“There is a price to be paid for every increase in consciousness. We cannot be more sensitive to pleasure without being more sensitive to pain.” ~ Alan Watts
I sat on the floor of his balcony, lit a smoke, and admired the city lights.
He spoke to his brother on the phone inside. I’m not sure what I was doing there.
I’d known this man for about six months and had spent several hours in his company, but he was little more than a stranger to me in several ways. Our relationship had inched forward over the course of half a year, only slightly and ever so cautiously progressing, each of us revealing only a tiny bit more with every hour spent together.
That night, I’d forced a difficult conversation about whether we should continue seeing each other.
Things had felt “off” recently (maybe from the very start if I had only been honest with myself). He assured me that he was invested and wanted to see where it went. From an objective standpoint, his words were just what I wanted to hear. Having a history of either deep and complicated or shallow and unfulfilling relationships, I would immediately enter a state of anxiety-ridden turmoil when I felt uncertain, unloved, or unwanted. But his words, impeccable for the moment, calmed me down almost instantly.
That wasn’t something I was used to. Being quite smitten with this man for several months now, I confessed my feelings for him, informing him that I hadn’t felt what I felt for him in a very long time. He responded with “that’s a good thing.”
Once our conversation had ended, he left the room to make a call, leaving me feeling more vulnerable than I had in a long time.
I had just made a bid for this man’s affection while he had, I had rationalised in the moment, responded and dealt with the situation in an extremely mature and healthy manner. In my head, I told myself I should feel reassured. He was saying all the right things after all. But being the highly intuitive and sensitive person that I am, my body knew otherwise.
I felt an instant need to numb and sat on the floor lighting up. As I inhaled, I subconsciously knew that this relationship would only bring me pain. I looked out at the world and shuddered at how painful life could sometimes be—the scary part being that I hadn’t even yet experienced some of the most painful things.
I hadn’t lost a parent, a sibling, or a friend. I hadn’t known hunger or poverty or homelessness. I hadn’t lost a job or not been able to find a constant source of income. I hadn’t gotten divorced or experienced true betrayal. I hadn’t undergone a serious medical condition and neither had anyone close to me. I hadn’t experienced addiction to drugs or gambling or abuse. I hadn’t been mistreated or preyed on as a child or a woman. All real possibilities. I recoiled at the thought of them.
I had been deeply hurt (by others but potentially just by myself—by my own insecurities and the stories I told myself). But overall, I had lived a largely sheltered and supported life. I, therefore, didn’t even know the depth of despair one could feel, but yet in that moment, I glimpsed down this deep abyss, fully aware that I had only scathed its surface.
What I felt in that moment (fueled by having just unknowingly experienced a hint of unrequited love) was that life was hard. That I, like almost everyone else on this planet, would experience profound loss and pain. That I (like everyone else) would lose both of my parents at some point in time, and that would be terrifyingly devastating. That I would love (as I just had) and may not have it reciprocated. That I may lose a job or lose all of my savings or worse still, lose direction or meaning. That I may lose a child or not be able to carry one. That I may be left behind and cease to be loved or cared for by someone close to me. That essentially, like I was currently hurting, it was only inevitable that I would hurt more. But also that it wouldn’t just be me, but every other human being. And that was scary.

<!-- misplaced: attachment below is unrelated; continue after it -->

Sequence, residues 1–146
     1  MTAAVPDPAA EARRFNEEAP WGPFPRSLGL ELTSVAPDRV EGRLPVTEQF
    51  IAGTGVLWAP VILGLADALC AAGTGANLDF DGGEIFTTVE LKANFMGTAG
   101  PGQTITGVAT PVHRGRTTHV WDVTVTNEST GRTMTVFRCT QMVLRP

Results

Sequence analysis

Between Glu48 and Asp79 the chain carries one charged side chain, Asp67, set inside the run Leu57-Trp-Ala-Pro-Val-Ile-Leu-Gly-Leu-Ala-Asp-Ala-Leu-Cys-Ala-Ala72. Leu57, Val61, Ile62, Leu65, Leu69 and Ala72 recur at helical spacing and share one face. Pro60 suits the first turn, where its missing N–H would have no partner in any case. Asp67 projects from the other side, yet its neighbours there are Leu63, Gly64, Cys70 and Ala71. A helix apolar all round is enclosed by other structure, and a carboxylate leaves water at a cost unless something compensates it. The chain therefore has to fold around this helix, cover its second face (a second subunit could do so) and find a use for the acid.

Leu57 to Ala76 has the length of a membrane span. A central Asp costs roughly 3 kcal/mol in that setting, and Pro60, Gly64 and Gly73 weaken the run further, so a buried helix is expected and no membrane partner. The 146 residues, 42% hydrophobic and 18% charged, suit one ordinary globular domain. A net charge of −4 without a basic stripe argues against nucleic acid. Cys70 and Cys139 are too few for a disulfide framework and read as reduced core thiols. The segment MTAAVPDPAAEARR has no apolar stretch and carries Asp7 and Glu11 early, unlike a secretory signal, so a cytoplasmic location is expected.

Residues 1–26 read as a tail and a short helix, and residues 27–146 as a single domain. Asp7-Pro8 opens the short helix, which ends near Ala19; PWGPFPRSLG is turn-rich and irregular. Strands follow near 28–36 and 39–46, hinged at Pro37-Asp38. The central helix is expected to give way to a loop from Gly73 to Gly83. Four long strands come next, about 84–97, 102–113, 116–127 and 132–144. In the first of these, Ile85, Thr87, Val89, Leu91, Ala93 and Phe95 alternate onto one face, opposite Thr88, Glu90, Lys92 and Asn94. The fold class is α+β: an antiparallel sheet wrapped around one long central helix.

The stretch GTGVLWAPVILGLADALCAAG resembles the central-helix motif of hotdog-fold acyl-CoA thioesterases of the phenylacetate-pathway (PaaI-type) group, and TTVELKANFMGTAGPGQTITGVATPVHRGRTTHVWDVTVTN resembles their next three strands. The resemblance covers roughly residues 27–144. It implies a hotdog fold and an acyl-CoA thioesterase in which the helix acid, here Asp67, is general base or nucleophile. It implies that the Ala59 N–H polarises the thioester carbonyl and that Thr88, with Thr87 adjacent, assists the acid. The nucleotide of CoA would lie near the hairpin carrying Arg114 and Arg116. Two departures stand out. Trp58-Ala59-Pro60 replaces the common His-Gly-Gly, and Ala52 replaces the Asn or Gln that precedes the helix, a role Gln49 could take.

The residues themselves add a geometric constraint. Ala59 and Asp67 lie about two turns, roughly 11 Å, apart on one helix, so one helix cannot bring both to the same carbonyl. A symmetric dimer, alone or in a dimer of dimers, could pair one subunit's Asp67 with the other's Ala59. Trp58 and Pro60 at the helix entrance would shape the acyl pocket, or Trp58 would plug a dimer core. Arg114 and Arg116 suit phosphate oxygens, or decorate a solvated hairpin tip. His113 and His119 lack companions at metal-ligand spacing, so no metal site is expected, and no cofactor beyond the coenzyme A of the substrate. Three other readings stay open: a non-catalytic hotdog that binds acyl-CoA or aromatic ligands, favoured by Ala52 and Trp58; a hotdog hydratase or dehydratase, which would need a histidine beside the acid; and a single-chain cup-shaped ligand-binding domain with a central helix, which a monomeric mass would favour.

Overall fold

Why did life have to be so incredibly painful?
The man I was hopelessly infatuated with returned to the room. I had already been vulnerable enough and decided not to share my anxious thoughts. Instead, I curdled up against him, as yet another means to escape. It didn’t work and I spent the rest of the night staring at his ceiling, repeating the words he had said to me in a desperate attempt to counteract the uneasiness I felt. I wanted his words to be true, not what I actually knew and felt about the situation.
A few weeks later, our relationship ended. I had to finally accept that this man was not yet capable of entering a deep and meaningful relationship—something he would finally admit; something I knew all along, and a powerful reminder to trust my intuition.
That wasn’t however my biggest lesson from the experience. What actually came to me in a moment of profound clarity was that I had no reason to fear pain (of the kind I had just felt or any other kind). That pain, if viewed differently, was in fact rather beautiful. That life was not actually (or did not have to be) as painful as I thought it was going to be.
As perfectly encapsulated by Alan Watts:
“To remain stable is to refrain from trying to separate yourself from pain because you know that you cannot. Running away from fear is fear, fighting pain is pain, trying to be brave is being scared. If the mind is in pain, the mind is pain. The thinker has no other form than his thought. There is no escape. But so long as you are not aware of the inseparability of thinker and thought, you will try to escape.”
Any experience, then, if not necessarily in the exact moment in which it is taking place, but perhaps in a later moment of clarity, can be beautifully enlightening and transcendent.
What then do we really have to fear?